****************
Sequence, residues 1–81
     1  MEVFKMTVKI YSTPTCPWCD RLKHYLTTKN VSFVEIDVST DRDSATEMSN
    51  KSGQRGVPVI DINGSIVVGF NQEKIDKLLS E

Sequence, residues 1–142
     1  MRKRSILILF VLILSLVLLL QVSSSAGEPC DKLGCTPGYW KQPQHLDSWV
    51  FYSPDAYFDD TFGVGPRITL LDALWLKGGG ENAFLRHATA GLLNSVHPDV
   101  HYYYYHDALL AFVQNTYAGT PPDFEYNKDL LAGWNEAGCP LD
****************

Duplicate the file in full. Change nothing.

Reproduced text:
Sequence, residues 1–81
     1  MEVFKMTVKI YSTPTCPWCD RLKHYLTTKN VSFVEIDVST DRDSATEMSN
    51  KSGQRGVPVI DINGSIVVGF NQEKIDKLLS E

Sequence, residues 1–142
     1  MRKRSILILF VLILSLVLLL QVSSSAGEPC DKLGCTPGYW KQPQHLDSWV
    51  FYSPDAYFDD TFGVGPRITL LDALWLKGGG ENAFLRHATA GLLNSVHPDV
   101  HYYYYHDALL AFVQNTYAGT PPDFEYNKDL LAGWNEAGCP LD